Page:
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Community residents, business owners, Ald. Jason Ervin (28th) and Ald. Emma Mitts (37th) called on the city's scrap metal recyclers Wednesday afternoon to follow the law and stop accepting stolen materials, a problem they say is plaguing the West Side.
The group met outside Gomez Recycling, a scrap metal receiver, located at 4600 W. Chicago Ave., which they said has been a "crime haven" in the neighborhood for its lax scrap-metal intake policies. Ervin said the business operates 24 hours, which encourages thieves to commit more crimes in the community, such as stealing metal fences, gutters and other valuable metal, late into the night.
"The company is a cancer on the West Side plaguing the community," said Nicole Harvey, an Austin resident. "With rising crime rates, the community is stepping forward to raise up their standards and make everyone pay attention."
Mitts said the city of Chicago issued Gomez Recycling a cease and desist order June 19 for not having a recycling permit from the Commissioner of Public Health and for failing to keep the storage areas in a sanitary matter, among other violations. The business has 14 days to demand a hearing or protest the allegations.
Gomez Recycling did not return a phone call for an interview.
Mitts said Gomez Recycling is not the only business with a history of accepting stolen material on the West Side, and it's a widespread problem across the city.
"We're starting here today saying we do not want to accept bad business in our neighborhood," she said.
Both aldermen, along with more than 10 residents and business owners, said they've been metal-theft victims and more needs to be done to stop it.
Ervin and Mitts, along with Ald. Michael Chandler (24th), Ald. Walter Burnett (27th) and Ald. Daniel Solis (25th), hope to amend the city's municipal code making it illegal for scrap metal recyclers to accept deliveries in garbage cans or shopping carts. The measure would also strengthen ID requirements, require the business to catalog all the accepted material and have video surveillance on the business grounds.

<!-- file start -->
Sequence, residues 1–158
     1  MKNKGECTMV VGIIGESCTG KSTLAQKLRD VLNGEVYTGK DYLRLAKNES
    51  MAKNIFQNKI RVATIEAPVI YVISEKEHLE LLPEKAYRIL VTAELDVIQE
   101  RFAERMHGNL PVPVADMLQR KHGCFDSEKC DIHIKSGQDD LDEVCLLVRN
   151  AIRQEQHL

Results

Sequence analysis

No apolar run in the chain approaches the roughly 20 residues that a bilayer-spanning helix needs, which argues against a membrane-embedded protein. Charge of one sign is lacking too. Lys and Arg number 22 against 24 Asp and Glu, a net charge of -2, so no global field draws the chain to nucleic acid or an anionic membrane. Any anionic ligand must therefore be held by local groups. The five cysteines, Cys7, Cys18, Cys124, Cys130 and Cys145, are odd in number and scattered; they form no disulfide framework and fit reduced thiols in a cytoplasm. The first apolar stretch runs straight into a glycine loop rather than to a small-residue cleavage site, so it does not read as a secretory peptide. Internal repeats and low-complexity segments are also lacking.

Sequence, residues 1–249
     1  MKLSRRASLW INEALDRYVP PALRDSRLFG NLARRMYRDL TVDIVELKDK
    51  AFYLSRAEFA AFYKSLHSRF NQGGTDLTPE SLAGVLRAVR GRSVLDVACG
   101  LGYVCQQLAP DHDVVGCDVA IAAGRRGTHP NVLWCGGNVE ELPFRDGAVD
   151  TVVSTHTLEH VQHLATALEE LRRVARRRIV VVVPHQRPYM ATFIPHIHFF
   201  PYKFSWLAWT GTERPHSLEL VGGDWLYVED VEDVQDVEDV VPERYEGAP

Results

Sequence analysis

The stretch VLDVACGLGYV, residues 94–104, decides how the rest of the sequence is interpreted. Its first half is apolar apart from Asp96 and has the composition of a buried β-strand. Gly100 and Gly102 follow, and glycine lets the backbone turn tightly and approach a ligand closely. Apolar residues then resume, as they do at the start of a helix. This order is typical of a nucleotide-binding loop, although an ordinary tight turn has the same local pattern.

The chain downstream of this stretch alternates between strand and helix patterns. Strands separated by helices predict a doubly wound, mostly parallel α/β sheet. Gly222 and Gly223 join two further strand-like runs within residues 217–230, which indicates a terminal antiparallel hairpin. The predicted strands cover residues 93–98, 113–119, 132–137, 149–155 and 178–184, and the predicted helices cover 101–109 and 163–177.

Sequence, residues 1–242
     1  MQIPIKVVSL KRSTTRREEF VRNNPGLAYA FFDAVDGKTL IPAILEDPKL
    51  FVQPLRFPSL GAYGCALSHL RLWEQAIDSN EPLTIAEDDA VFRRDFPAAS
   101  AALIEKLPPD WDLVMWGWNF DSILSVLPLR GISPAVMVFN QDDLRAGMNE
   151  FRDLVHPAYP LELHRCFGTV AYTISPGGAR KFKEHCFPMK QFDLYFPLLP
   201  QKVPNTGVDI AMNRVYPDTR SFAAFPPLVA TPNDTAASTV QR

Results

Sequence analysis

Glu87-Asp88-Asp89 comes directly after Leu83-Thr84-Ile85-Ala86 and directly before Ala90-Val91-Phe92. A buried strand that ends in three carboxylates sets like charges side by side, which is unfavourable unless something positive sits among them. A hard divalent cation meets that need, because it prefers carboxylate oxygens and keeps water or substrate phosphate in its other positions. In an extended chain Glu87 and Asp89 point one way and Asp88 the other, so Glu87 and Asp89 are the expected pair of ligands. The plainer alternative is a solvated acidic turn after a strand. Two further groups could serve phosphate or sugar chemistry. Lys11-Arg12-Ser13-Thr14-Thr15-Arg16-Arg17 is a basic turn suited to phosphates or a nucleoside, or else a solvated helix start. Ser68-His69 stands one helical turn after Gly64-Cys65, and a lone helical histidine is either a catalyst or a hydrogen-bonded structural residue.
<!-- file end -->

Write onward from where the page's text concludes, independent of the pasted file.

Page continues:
"The day of just taking a picture and writing down some phony information is over," Ervin said. "People need to know that they have to be held accountable for what they do."
The aldermen said he planned to introduce the proposed changes during a committee hearing and bring the measure for a vote before the Chicago City Council.
"We hope that this will decrease the people just coming in and stealing indiscriminately from residents in our community," Ervin said.
This issue hit residents and businesses but also the local churches and non-profits, Ervin said.
"To get calls from churches saying they've come to worship and half their fence is gone, that's unacceptable," he said, adding that two weeks ago his own home had its catch basin lids and aluminum siding removed.
In addition to the thousands of dollars in property damage, scrap metal thieves often use the city's garbage cans or shopping carts to transport the material to a recycler.
"We cannot have our community plagued with the loss of our garbage cans, and the loss of our shopping carts from the retail stores," Mitts said. "We can ride in our neighborhood any given day and we find as many shopping carts rolling as cars on the streets."
William Rogers, a community member, said the building he's rehabbing was hit twice for its metal. Recently, burglars broke into his building early in the morning and stole three large, hot water tanks, cut into his walls and took the copper. He said he's trying to improve the community by fixing up abandoned properties, but the thefts force him to take "five steps back."
"The vandalism is here," Rogers said. "They are causing it. They are riding around in the wee hours of the morning to see whether or not anyone is around and they go. People are very fearful to go up to these people involved because they are ready to battle."